I have been serializing Colonel Birdwhistle’s first story from the book. Click here to start at the beginning: Part 1 .
And now, I submit to you Part 3:
He sat for several minutes facing skyward with a peculiar look on his face. Having lived alongside noise all his military life, he had developed the ability to drown out distractions around him by simply shutting his eyes and focusing on his thoughts. It was a rare gift really. He entered this trance while considering what to say next and was half hoping that Leon would wander off. Finally, an acceptable topic came to mind, and he blurted out the word, “Monkeys!”
The Colonel opened his eyes and looked down to find that his audience had grown. Instead of one plump boy seated in front of him, there were now a dozen children of all shapes and sizes waiting patiently for him to continue. Behind them all stood their mothers as interested as their tots, and Mrs. Dobrey was smiling and nodding to him.
“I like monkeys,” said a pig-tailed little girl up front with her hand on his knee.
“My name is Sally,” said the little girl with a smile.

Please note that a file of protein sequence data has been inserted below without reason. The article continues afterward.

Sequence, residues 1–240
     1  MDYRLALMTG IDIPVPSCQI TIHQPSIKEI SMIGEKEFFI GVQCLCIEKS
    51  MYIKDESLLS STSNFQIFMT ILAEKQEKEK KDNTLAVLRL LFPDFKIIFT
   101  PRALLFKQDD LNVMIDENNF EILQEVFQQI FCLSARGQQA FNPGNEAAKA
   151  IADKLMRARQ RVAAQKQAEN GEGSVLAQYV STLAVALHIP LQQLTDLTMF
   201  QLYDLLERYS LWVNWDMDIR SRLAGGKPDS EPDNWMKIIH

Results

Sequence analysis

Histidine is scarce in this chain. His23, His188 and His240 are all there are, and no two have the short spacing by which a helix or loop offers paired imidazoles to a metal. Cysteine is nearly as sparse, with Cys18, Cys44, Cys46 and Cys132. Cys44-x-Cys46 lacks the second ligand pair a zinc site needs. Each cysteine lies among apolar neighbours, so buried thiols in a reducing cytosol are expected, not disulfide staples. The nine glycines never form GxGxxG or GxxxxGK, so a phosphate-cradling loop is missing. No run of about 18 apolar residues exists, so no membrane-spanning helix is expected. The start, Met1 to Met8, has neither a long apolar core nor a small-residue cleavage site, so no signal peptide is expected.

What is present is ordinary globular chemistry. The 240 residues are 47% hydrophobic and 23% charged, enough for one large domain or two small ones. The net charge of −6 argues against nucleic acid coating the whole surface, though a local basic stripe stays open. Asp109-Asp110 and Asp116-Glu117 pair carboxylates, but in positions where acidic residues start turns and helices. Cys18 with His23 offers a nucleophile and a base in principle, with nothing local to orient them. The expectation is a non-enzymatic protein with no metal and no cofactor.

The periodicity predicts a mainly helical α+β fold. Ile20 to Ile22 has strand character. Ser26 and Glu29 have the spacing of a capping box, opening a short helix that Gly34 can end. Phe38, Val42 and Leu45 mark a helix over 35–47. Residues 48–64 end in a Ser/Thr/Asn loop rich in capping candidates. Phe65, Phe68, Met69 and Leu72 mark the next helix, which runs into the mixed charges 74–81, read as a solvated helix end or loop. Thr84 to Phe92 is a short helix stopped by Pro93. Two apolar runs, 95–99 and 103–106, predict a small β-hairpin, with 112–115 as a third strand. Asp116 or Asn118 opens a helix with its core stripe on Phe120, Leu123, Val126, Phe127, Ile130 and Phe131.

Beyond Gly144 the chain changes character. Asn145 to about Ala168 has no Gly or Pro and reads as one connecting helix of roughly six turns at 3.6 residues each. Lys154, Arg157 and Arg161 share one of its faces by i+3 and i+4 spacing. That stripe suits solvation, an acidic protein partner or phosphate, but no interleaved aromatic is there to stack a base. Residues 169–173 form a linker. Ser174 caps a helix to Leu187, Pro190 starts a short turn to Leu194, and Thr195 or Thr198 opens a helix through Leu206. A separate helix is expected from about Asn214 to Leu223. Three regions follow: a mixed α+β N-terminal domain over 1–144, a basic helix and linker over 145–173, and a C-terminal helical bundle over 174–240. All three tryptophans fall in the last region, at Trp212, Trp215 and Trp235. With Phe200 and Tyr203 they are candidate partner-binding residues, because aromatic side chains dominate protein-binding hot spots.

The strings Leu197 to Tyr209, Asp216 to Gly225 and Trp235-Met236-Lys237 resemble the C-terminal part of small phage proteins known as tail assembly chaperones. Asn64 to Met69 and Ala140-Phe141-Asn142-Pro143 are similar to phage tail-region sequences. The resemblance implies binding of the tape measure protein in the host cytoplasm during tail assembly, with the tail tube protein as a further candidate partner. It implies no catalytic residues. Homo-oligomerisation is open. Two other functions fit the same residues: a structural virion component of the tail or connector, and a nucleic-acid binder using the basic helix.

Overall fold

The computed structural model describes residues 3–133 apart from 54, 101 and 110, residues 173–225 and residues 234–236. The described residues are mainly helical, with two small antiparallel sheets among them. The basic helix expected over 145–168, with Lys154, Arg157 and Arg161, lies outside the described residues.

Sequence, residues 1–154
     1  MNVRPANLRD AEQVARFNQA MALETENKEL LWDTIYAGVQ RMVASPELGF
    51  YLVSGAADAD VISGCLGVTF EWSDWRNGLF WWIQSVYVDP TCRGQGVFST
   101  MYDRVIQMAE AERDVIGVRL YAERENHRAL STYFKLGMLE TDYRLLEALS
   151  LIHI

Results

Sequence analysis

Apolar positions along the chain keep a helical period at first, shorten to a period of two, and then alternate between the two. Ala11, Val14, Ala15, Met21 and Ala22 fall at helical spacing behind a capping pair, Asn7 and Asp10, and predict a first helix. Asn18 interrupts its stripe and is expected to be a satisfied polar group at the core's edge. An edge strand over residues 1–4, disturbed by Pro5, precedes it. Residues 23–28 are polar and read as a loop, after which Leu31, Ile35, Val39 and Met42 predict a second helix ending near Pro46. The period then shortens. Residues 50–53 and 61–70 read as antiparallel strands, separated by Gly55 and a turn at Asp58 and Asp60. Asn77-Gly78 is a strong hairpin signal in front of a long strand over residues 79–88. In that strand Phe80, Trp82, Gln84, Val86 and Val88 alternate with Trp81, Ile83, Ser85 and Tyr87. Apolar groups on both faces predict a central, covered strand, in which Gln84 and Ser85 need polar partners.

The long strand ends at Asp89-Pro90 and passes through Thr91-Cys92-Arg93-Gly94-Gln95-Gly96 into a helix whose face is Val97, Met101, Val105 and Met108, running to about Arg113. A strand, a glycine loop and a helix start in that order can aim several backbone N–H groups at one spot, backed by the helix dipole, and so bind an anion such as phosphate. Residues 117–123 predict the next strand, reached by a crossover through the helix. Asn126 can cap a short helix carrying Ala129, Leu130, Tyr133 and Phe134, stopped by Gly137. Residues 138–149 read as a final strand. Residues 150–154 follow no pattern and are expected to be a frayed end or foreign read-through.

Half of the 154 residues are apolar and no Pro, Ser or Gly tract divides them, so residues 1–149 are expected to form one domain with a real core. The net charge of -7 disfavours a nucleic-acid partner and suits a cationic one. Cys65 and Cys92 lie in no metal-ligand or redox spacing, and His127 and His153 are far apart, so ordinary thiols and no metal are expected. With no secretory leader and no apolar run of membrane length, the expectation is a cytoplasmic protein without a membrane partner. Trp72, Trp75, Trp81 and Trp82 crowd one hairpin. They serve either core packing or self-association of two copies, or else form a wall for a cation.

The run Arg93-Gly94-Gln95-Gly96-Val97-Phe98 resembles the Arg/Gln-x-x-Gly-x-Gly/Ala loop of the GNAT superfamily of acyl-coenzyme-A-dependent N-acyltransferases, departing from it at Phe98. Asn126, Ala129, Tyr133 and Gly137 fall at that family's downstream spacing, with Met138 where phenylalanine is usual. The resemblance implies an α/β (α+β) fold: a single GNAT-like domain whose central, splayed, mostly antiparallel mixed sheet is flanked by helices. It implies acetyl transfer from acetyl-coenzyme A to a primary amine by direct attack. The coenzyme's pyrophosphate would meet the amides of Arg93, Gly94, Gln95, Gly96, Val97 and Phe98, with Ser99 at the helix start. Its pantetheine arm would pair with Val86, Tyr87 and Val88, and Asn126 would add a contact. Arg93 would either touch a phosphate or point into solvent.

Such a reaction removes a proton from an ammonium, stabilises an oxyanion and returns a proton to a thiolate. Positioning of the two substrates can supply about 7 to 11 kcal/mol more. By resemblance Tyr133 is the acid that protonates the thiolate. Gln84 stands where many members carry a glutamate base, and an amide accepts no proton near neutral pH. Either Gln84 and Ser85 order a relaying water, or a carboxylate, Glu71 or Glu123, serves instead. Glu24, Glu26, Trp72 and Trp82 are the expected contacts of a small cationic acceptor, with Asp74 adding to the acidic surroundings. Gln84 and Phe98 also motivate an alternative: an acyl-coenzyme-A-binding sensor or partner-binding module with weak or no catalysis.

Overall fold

“Well Sally, do you like rats?” asked the Colonel.
“Ewwww. No. They’re gross.”
“To some degree, in Africa, monkeys are just like rats. Only they are more intelligent and can get into more trouble because they have these,” he held up one hand and pointed to it with the other. “There is almost nothing that a group of cute little monkeys can’t steal. And you know what they want most of all?”
The children said nothing but sat, eyes wide open, waiting for an answer.
“Food. Just the same as what you and I want,” continued the old man, warming to his story. “One of the things I had to do was to make sure that all of our men had enough food, right. Because they couldn’t do anything if they were hungry all the time. So we had these great big ships that came into port full of food and other supplies, and we would have to unload it and put it on carts that would carry everything to the forward post. But the monkeys made it terribly hard to get this done because they were everywhere. There were hundreds of them. So we decided one time to trap the monkeys and um…” he paused looking slowly around at the innocent faces. “Um, relocate them to a different area. Yes, that’s it.”
“If they’re smart, how could you trap them?” asked one of the children.